The FINANCIAL -- The HSBC Trinkaus & Burkhardt Group continued to grow in the 2017 financial year, gaining further market shares in the competitive German banking market.
Large mandates and the need to digitalise business processes further, mean the current financial year will see investments. For the first time HSBC Germany will invest more than €100m in 2018 in multi-year programmes.
HSBC Germany increased pre-tax profit by 9.3% to €251.3m in the 2017 financial year. Net profit was up by 11.1% to €172.8m. The return on equity before tax stood at 11.8% as in the previous year.
The results were influenced by two contrasting factors. Firstly, they include disposal revenues of €35.6m generated through the sale of participating interests which are no longer required for operating business activity. Secondly, the results came under pressure from two individually assessed impairments, which are primarily responsible for the significant increase in net loan impairment and other credit risk provisions from €4.4m in 2016 to €23,9m in 2017, according to HSBC.
Without these two factors the results were stable and slightly higher than the prior-year. Operating revenues came to €779m (plus 0.5%). The €8.2m growth in net fee income to €482.9m again shows that the Bank is growing from its strong business with clients.
“Fee income is our most important source of income”, says Carola von Schmettow, CEO of HSBC Germany. “The strongest arguments we put forward to our clients are our expert solutions to complex requirements, the international network and our capital strength”.
There was a 6.4% decline in net interest income to €197.9m, as a result of lower interest income from financial assets, reflecting the unfavourable interest rate environment for banks. Bullet bonds with a comparable risk profile could only be replaced by others with significantly lower coupons. Equities and equity derivatives was mainly responsible for the €5.2m increase in net trading income to €83.9m.
HSBC Germany continues to focus on growth in 2018: “The forward-looking mandates we gained last year will continue to enhance our reputation in the German banking market. We want to accelerate our growth in the years ahead by making far-reaching investments in our digital infrastructure”, says Carola von Schmettow.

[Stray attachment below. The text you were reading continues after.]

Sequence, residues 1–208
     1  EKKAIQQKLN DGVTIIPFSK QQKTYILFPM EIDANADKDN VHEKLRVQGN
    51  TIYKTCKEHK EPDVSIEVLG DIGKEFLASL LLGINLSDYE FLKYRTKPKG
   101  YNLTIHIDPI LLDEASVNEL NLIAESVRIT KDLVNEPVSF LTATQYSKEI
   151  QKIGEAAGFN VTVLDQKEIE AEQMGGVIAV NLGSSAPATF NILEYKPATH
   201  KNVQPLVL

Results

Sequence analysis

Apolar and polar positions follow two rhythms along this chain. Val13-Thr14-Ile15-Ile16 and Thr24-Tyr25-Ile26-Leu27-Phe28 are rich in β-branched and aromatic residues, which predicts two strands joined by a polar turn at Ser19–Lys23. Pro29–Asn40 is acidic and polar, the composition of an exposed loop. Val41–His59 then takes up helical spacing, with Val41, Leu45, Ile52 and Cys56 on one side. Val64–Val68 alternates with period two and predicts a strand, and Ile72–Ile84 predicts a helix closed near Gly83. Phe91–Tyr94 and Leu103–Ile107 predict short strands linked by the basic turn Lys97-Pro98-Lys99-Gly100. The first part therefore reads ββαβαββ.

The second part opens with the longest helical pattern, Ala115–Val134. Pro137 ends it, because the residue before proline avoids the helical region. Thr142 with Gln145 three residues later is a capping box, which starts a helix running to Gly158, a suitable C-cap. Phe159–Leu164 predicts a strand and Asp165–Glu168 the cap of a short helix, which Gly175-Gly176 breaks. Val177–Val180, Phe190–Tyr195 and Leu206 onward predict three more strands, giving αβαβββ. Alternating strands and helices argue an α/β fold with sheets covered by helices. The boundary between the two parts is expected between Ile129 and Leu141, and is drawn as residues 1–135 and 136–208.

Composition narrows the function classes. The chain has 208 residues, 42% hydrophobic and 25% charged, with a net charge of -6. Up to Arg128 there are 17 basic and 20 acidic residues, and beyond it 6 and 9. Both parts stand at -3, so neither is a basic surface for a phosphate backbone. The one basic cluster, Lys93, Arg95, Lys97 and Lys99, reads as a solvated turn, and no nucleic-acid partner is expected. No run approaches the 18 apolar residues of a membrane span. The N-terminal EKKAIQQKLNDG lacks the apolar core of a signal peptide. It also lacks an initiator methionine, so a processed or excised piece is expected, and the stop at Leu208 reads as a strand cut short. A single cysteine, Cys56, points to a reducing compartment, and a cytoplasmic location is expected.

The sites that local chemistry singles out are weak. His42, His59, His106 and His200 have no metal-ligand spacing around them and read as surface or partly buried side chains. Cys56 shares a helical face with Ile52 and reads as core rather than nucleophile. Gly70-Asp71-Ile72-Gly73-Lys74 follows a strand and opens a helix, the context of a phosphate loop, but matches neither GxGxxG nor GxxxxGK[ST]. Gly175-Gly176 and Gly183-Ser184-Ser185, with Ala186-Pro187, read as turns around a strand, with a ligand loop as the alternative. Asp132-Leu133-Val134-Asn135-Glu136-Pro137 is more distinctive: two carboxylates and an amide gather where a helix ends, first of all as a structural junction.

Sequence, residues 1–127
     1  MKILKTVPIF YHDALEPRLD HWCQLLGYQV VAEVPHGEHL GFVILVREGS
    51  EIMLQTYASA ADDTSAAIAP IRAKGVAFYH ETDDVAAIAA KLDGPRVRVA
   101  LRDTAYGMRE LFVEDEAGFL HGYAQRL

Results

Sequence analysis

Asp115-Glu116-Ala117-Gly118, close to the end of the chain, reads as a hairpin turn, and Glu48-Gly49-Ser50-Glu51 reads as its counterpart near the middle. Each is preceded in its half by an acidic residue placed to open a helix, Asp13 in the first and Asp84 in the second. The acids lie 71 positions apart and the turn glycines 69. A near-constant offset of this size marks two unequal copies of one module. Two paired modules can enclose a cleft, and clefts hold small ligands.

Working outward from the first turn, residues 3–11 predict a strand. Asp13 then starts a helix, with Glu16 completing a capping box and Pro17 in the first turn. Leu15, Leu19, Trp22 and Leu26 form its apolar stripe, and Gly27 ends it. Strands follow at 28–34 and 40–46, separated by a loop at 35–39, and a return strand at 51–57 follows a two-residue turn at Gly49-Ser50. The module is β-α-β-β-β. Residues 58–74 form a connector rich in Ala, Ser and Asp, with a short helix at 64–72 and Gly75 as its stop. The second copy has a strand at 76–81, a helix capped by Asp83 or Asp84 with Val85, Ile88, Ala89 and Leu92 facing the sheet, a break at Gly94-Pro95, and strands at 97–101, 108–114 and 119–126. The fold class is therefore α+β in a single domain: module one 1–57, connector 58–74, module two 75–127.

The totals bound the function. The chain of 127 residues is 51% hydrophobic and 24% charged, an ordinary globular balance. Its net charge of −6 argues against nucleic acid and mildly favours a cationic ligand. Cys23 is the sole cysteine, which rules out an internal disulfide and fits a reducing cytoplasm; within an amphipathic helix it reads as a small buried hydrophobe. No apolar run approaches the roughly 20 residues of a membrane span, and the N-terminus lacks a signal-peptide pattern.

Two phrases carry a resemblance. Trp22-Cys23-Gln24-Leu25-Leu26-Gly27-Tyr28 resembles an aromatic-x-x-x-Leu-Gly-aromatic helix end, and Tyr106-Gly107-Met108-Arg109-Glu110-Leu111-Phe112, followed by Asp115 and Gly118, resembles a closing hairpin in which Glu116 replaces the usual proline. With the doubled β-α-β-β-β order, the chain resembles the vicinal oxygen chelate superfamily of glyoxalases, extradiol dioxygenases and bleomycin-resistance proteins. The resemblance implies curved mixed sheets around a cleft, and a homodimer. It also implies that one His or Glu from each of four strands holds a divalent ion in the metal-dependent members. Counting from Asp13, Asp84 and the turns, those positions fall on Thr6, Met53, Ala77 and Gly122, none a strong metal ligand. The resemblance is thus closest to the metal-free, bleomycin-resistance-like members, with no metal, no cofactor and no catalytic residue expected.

HSBC Germany is investing more than €100m in multi-year programmes for digitalisation of its processes and the expansion of its securities infrastructure for the first time. This is more than double the amount invested last year, and will be invested on the one hand in the new core bank system. On the other, the Bank is investing in order to be able to take over securities processing for Commerzbank in 20120. It is the largest outsourcing deal in the German securities market.
HSBC Securities Services, which is part of Global Banking & Markets, was extremely successful last year: Net fee income from the securities portfolio business increased by almost 12% to €119.5m in 2017 (2016: €106.8m). The capital management company HSBC INKA has surpassed the €200bn mark in volumes in special funds.
The corporate banking business continued to grow. Client account growth is stronger abroad than it is reflected on the German balance sheet. Our global solutions portfolio and strong advisory expertise continues to attract corporate clients. HSBC Germany has provided equity and debt corporate financing transactions and increased its net fee income by 40% to €42,7m.
Global Banking & Markets again provided the largest contribution to profit in the financial year, with an increase in net fee income of €6.4m to €329.5m. The placement of further alternative investment products was very successful in particular, along with the fixed income business and equity sales.
Net fee income in Private Banking & Asset Management increased by €8.2m to €97.8m. Private Banking assets under management are at a high of €28.5bn, raising almost €2bn in new funds.
As at the balance sheet date, total assets amount to €24.3bn after €23.1bn as at 31 December 2016, an increase of 5.2%. Shareholders’ equity stands at €2,296.4m (plus 2.5%). The Tier 1 capital ratio improved slightly from 12.3% to 12.7%.
In its base scenario the Bank is expecting an increase in net revenues in the single-digit percentage region and stronger growth than the market for 2018. It is to be assumed, though, that administrative expenses will rise faster than revenues, owing to major investments as well as considerable project expenses for modernising the infrastructure which will lead to higher revenues in the future. The Bank is anticipating a decline in pre-tax profit. The revenues generated through the sale of participating interests in 2017 will also not recur in 2018. Both effects could lead to a decline of up to 10%. The Bank plans to maintain its return on equity before tax at around the 10% mark.